quality that will allow people to succeed and be satisfied with their lives.” (8)

As our Jewish students are drowning in all the information of the outside world,
and deciding whether or not to stay observant, I believe that encouraging our students to make unusual connections and find their own voice in the material being taught to them- is essential.

Having creative assignments as a regular part of any curriculum is essential for
enabling our students to have life- long professional success. Moreover, creativity at its core is what distinguishes humans from animals. Only humans build off of the creations of others to create something else. Six days a week we are told:

שמות כ,ח: ששת ימים תעבוד ועשית מלאכתך
-Exodus, 20,8: “Six days a week you shall do ‘melacha’-

we are commanded to be creative and to enhance creation (the technical definition of melacha is NOT work- it is any creative addition to our world). On the seventh day we are told to cease from this activity to remember Who the ultimate Creator is. Teaching students HOW to think creatively and HOW to be creative is one of the holiest pursuits that we can be engaged in with our students. If we are to expect that our students stay committed to Judaism beyond the time that they spend with us in the classroom, then we must challenge ourselves to teach in a way that asks students to solve their questions in an original way, and to find their own voice in the material. May we all live up to our Divine charge to “be creative” and to teach our students how to be creative as well.


(1) High Tech High is a: “San Diego charter school exists to prepare students -- all kinds of students -- to be savvy, creative, quick-thinking adults and professionals in a modern world. It has scrapped a lot of what's arbitrary and outdated about traditional schooling -- classroom design, divisions between subjects,  independence (read: isolation) from the community, and assessments that only one teacher ever sees.” Real World, San Diego: Hands-On Learning at High Tech High- Students prepare for the real world through technology-enabled projects. Grace Rubenstein, Former senior producer at Edutopia, December 3, 2008. In November of 2015, our school sent a small delegation of teachers and administrators to learn from the educational approach of High Tech High.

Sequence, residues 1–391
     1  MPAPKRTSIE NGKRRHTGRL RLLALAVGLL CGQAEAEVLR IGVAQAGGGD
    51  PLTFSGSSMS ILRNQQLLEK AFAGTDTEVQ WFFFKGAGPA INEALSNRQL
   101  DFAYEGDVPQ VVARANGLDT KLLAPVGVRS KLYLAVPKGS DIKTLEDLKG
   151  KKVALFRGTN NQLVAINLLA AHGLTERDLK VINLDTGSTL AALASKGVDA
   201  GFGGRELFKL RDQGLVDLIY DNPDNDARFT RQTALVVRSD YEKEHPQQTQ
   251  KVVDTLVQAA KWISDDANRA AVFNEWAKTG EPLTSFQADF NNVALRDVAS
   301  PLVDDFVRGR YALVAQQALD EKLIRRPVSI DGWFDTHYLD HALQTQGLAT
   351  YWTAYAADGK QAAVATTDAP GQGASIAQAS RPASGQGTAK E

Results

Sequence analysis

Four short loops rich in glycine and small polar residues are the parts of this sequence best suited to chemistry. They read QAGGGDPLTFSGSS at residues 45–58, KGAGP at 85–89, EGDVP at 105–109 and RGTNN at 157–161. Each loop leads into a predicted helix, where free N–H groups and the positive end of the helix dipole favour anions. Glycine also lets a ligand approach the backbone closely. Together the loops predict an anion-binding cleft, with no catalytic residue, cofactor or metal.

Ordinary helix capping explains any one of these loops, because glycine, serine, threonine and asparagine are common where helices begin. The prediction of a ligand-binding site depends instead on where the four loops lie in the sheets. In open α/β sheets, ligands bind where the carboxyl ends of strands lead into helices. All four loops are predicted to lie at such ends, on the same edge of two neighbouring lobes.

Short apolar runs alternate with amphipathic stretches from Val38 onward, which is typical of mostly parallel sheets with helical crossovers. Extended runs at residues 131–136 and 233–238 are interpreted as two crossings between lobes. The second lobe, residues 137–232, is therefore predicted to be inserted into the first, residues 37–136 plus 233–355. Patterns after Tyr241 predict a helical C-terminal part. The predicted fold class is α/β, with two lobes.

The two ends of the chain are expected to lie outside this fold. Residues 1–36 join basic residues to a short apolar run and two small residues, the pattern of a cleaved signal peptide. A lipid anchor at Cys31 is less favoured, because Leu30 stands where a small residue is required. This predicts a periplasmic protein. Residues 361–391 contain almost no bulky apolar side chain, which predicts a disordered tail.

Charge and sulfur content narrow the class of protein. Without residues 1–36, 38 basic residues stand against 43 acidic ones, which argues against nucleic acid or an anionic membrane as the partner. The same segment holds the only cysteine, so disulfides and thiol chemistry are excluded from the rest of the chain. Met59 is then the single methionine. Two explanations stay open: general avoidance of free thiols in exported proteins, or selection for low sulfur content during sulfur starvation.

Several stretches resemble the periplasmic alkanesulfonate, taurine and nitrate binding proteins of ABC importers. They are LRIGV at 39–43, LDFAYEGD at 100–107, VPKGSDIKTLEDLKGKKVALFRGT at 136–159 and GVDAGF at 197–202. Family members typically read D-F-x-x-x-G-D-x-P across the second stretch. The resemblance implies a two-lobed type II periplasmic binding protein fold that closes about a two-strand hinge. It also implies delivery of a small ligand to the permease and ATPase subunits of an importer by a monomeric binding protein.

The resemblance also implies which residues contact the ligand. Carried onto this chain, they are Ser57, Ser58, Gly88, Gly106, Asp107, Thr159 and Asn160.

(2) Ken Robinson, Out of our Minds- Learning to be Creative. Capstone Publishing Ltd. 2011. “New forms of work rely increasingly on high levels of specialist knowledge, and on creativity and innovation. The new technologies in particular require wholly different capacities from those required by the industrial economy… Given the speed of change, governments and businesses throughout the world recognize that education and training are the keys to the future, and they  emphasize the vital need to develop powers of creativity and innovation.” p. 6.